Make Homeschool Fun by Applying Academic Principles to Real Life

Homeschooling families learn English, Math, History, Science, Social Studies, and a host of other necessary homeschool subjects that contain incredible amounts of information. Yet, just like most public school students, homeschoolers don’t often know how to adequately apply what they’ve acquired until the situation calls for it. It’s for that reason I devised this simple activity to help teach our homeschoolers some basic principles and how to use them.

I generally used this activity in our homeschool with those children who were reading well and had a good grasp of math percentages and decimals. For those who were younger but still homeschooling, I’d include them in the exercise by designating them as helpers who would give their opinions to the older children throughout the activity.

To begin, I would present a hypothetical situation to our children such as redecorating their bedroom. I’d give them a large catalog and tell them they could order anything they wanted to use to redecorate their rooms. The rules were: they were allowed to use their own color scheme or style, but that each only had $75 to spend. Of course, I’d reiterate that we weren’t actually going to redecorate but that I wanted to see how well they could do it for themselves. Obviously there were excited giggles from each of them as they got started paging through all the possibilities.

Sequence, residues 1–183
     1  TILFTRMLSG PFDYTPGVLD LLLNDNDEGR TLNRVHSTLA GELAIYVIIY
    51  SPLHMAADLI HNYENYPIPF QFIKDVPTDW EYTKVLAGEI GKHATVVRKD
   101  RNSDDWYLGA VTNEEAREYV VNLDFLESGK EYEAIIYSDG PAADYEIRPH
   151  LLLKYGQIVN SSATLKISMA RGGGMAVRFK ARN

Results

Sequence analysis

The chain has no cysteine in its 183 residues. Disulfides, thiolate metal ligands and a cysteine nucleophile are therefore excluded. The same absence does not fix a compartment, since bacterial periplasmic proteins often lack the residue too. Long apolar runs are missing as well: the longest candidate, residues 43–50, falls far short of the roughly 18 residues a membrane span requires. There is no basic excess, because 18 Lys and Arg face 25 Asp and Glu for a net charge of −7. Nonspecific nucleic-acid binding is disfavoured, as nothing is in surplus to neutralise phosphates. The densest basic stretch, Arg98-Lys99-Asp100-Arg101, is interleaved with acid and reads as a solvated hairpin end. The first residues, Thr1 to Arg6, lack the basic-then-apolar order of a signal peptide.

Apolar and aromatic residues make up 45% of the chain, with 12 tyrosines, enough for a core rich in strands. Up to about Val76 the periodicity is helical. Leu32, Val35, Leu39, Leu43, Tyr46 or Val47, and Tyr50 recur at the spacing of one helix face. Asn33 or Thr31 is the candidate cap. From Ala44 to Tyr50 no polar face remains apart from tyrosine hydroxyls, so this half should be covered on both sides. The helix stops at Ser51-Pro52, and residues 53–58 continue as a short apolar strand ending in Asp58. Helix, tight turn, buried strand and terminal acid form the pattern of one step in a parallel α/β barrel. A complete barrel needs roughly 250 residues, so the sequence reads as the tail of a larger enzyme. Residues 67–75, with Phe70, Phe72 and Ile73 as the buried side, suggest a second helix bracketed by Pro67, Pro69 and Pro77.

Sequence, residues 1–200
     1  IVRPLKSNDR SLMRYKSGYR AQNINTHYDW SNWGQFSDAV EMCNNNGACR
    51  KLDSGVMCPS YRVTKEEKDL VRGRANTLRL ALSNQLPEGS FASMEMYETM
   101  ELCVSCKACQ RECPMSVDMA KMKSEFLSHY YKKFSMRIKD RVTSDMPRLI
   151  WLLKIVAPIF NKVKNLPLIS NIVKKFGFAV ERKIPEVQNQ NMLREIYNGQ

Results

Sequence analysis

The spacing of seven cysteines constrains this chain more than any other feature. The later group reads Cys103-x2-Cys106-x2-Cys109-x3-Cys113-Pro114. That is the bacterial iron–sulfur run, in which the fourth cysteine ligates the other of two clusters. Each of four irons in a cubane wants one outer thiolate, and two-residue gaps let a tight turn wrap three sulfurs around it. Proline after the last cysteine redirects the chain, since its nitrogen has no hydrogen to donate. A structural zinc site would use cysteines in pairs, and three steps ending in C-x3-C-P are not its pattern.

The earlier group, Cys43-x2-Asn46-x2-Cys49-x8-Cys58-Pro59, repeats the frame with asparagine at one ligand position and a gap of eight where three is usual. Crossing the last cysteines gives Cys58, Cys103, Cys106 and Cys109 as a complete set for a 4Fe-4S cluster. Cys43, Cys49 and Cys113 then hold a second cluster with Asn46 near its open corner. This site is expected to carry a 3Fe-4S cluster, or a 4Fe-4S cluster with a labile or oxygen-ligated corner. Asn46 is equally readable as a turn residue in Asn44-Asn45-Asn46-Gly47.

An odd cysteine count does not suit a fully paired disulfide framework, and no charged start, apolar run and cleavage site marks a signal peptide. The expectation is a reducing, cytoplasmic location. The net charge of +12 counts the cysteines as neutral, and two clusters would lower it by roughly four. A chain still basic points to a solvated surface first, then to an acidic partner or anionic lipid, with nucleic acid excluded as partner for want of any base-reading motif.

After only an hour, most had made their selections and came running to show me. Next I told them to fill out the catalog order form and bring it back for me to check. However, I purposely neglected explaining any additional charges that would apply such as tax or shipping.

Again, it wasn’t long before they had neatly filled in their choices and were proud to have stayed below their $75 budget. Thinking they were done, they handed their forms over to be checked. When I showed them they had forgotten to include the tax and shipping, they were stunned to realize the total would now exceed the maximum budget amount and they’d need to start all over.

As they reviewed their list of items, they began to prioritize to eliminate one, and then another of the things they’d selected so as to incorporate the tax and shipping. When it still didn’t meet with their allotted budget, they’d continue to delete and add articles until it did.

What they discovered in our homeschool was that they could actually get along very well without many of the things they’d first chosen simply by making them, or shopping somewhere else. They used their math skills repeatedly while figuring their totals and their English to learn about fabrics, and the care instructions of each like washability. They also used their individual creativity in color coordinating their items and found what types of styles they were drawn to.

They learned how to get the most from their money, which products were most durable, and how to work together as a team or in a group. Our homeschoolers gained a great deal of knowledge in many areas, applied principles they’d already learned, and had an exciting time doing it!

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